This study has shown that the share of nuclear energy in electricity generation will increase in the Czech Republic. Despite the increase of nuclear energy, it is not associated with an increase in greenhouse gas emissions. In 2000, 13,590 GWhe of electricity was produced in Czech nuclear plants and only 1.45 kgCO2eq was emitted. The nuclear electricity presents about 32% in electricity mix of the Czech Republic. GHG emissions 2.62 kgCO2eq indicated for this distribution are insignificant. By 2050, GHG emissions from nuclear source are predicted to be 4.22 kgCO2eq for a quadruple increase in electricity generated at 54,467 GWhe. Electricity generation from solids reached a similar value (52,752 GWhe) in 2000 and presented 859.67 kgCO2eq of GHG emissions.
The trend similar to electricity from nuclear plants is recorded in the case of hydropower energy, solar, and wind. Electricity generation from these sources has an increasing tendency which does not result in a significant increase in GHG emissions. In consideration of renewable resources, the least ecological one is solar energy. An analysis of environmental determinants has shown that electricity generation in solar plants relates to largest GHG emissions in group of green energy sources. GHG emissions from solar energy are expected 2.54 kgCO2eq for 2967 GWhe of electricity in 2050. To compare, similar amount of GHG emissions from nuclear energy 2.56 kgCO2eq was in 2010 for 27,998 GWhe of electricity.
It has been reported that an increase in the natural gas source for the production of electricity affects the increase of GHG emissions. The ratio in GHG emissions of natural gas is expected to increase significantly from 2040 to 2050. In 2045, emissions are expected to reach 161.37 kgCO2eq. In this year, the electricity generation from natural gas is predicted to overcome emissions from solid sources related to the significant decline in electricity production from solids predicted for this year.

5. Conclusions

Based on analysis, inventory data for electricity generation in the Czech Republic were identified. The main energy sources in the Czech Republic are nuclear energy, lignite, and hard coal. The trend in the years 2000–2050 shows an increase in nuclear energy and a decrease in electricity generation from coal. Oil is not expected to be used in the Czech Republic for the production of electricity from 2020. An increase in generation from wind, gas, solar, and biomass is expected in the following years until 2050.
Despite the reduction in the share of lignite and hard coal in the electricity generation system in the Czech Republic, the share of solids has the greatest impact on the greenhouse gas emissions. The obtained results show that the determinant of the greenhouse gas emissions from electricity generation systems is electricity from lignite. Despite a significant increase of nuclear power in electricity generation systems, this source does not affect the greenhouse gas emissions.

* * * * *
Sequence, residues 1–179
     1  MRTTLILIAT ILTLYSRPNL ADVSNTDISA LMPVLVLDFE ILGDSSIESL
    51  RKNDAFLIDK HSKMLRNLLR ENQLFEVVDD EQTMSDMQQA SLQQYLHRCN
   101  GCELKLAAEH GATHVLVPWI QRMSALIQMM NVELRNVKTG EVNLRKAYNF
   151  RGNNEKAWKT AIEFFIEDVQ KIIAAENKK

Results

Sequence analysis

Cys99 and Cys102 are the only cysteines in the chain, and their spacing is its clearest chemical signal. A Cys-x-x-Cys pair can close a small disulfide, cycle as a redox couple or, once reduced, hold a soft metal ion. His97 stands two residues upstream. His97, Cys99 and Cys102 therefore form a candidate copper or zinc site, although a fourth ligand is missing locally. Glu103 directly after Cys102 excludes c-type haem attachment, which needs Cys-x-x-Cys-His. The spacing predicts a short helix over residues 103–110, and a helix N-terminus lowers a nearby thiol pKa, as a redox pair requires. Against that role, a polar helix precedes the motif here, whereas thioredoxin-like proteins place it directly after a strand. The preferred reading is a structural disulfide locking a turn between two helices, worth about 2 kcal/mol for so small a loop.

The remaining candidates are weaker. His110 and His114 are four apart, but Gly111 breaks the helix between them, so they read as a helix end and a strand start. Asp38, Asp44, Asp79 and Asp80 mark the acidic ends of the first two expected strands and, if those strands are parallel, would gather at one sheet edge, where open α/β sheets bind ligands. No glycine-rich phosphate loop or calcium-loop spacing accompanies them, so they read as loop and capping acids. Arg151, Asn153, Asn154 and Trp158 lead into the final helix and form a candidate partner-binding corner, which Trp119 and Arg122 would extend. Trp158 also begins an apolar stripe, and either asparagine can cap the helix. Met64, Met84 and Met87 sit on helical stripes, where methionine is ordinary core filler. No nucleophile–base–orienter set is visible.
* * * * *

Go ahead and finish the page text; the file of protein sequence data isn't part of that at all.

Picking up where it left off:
This paper was written within the framework of the project LO1404: Sustainable development of Centre of Energy Units for Utilization of non-Traditional Energy Sources (ENET) and supported by project Interreg V-A Czech Republic–Poland, Microprojects Fund 2014-2020 in the Euroregion Silesia reg. no. CZ.11.4.120/0.0/0.0/16_013/0000653.

Author Contributions

Simona Jursová and Dorota Burchart-Korol conceived the idea and designed the framework for the analysis. Agata Blaut and Pavlína Pustějovská prepared inventory data analysis. Dorota Burchart-Korol performed software assessment; Agata Blaut contributed analysis tools. Jerzy Korol and Pavlína Pustějovská interpreted the results. Simona Jursova wrote the paper. Dorota Burchart-Korol and Jerzy Korol summed up the conclusions.

Conflicts of Interest

The authors declare no conflict of interest.


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Figure 1. Stages of life cycle assessment based on [35].
Figure 1. Stages of life cycle assessment based on [35].
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Figure 2. Live cycle inventory data for analysis, based on [34,37].
Figure 2. Live cycle inventory data for analysis, based on [34,37].
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Figure 3. Distribution of energy sources on electricity generation in Czech Republic based on [41].
Figure 3. Distribution of energy sources on electricity generation in Czech Republic based on [41].
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Figure 4. Analysis of greenhouse gas emissions of electricity production in the Czech Republic based on Intergovernmental Panel on Climate Change (IPCC) method.
Figure 4. Analysis of greenhouse gas emissions of electricity production in the Czech Republic based on Intergovernmental Panel on Climate Change (IPCC) method.
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Figure 5. Determinants of greenhouse gas (GHG) emissions of current and future electricity generation in the Czech Republic based on IPCC method.
Figure 5. Determinants of greenhouse gas (GHG) emissions of current and future electricity generation in the Czech Republic based on IPCC method.
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Table 1. Greenhouse gas emission electricity production from individual energy sources in the Czech Republic in kg CO2 eq.
Table 1. Greenhouse gas emission electricity production from individual energy sources in the Czech Republic in kg CO2 eq.
YearTotalNuclearHard CoalLigniteOilNatural GasBiomass WasteHydroWindSolar